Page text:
I wish my father could be here to see what is coming. He lies in the ice, a mastodon. And Colonel Cobb died in the infamous Recoilless Rifle disco fire. History may forgive them. It will not forgive us, if we fail to grasp the new genetic moment.

Should there be two sexes? Should there be only two? The recombinance Dr. Labonne-Schaum projects would retain duality, but a duality reconceived. The two kinds of person would be “is” (wasist) and “err” (istlos). An err would embody the atom’s flux, an is its essentiality. An is would be into being, an err into wandering.

Would an err’s sole domestic contribution then be “Honey, I’m home”? No. An is would depend for is (the possessive form, significantly, would be the same as the nominative) sense of being somewhere upon an err. An err would derive err sense of having been somewhere from an is. Either without the other would be nowhere, hollow (waslos).

An is would have the mellower voice, an err reach more octaves. But either, on is or err own, could openly cherish a rhododendron. Either could be bushy-faced. If anyone felt like feeling like a frond, anyone could feel like one: a frond rooted (is) or a frond on the wind (err).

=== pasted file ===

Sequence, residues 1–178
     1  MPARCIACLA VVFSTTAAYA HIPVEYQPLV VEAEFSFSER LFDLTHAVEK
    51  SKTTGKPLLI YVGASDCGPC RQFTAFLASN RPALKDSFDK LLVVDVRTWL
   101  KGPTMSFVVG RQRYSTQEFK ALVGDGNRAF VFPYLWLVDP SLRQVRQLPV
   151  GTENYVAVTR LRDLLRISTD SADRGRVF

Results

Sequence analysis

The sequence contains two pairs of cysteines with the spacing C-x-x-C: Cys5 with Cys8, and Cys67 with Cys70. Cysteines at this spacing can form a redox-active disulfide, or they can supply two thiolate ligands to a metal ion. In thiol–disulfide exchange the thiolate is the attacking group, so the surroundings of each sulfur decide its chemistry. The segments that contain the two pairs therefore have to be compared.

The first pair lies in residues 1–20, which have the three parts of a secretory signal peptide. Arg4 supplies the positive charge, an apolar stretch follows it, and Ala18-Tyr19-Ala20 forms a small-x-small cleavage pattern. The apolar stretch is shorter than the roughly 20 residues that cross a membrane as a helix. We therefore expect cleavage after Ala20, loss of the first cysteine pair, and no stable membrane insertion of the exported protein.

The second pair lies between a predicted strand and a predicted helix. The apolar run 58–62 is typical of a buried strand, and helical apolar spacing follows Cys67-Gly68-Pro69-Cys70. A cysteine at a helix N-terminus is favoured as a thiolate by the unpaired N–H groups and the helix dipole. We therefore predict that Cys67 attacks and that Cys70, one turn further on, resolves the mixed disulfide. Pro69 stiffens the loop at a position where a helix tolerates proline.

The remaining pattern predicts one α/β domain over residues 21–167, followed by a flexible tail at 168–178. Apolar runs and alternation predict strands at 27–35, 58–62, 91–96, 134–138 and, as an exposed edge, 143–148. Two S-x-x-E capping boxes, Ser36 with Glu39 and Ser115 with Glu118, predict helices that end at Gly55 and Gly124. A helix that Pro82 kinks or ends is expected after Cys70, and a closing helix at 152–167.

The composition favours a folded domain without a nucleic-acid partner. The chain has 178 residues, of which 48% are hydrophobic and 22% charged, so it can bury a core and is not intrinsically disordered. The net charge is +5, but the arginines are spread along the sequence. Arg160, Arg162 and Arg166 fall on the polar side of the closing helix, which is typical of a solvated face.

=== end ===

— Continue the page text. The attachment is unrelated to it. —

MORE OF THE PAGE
Would there be romance? How about periodic mutual dissolving dips into not just a pool but a gene lagoon? From which almost anything might emerge. Dripping. Sound kind of . . . mushy? Ah.

All of this opens up ahead of us nowthanks to a person the fine tracery of whose exhaustive research, the almost sensuous turn of whose thought, the permeating property of whose birdsong voice . . .

“That Chucky McArdle is a child. He put a rubber lipid in my retort.”

. . . the fine beads of literal browsweat, the lips full. . . chewy (she chews them) . . .

“Yesterday, he brought me coffee in one of those cups with the frog on the bottom.”

. . . the kind of person, I tell her, who opens a person up, who causes a person s thinking to dip and dart . . .

“Of course you didn’t notice. I wonder if you notice anything.”

. . . who can make a person feel for a flash like a naked infant, feel for a flash like a naked woman must, feel like a bucket brigade.

“For a flash?”

She is so sharp, though, it sometimes seems a person can’t say anything . . . Especially, it seems, when I am most open. Dr. Labonne-Schaum! Ich bin keine Maus!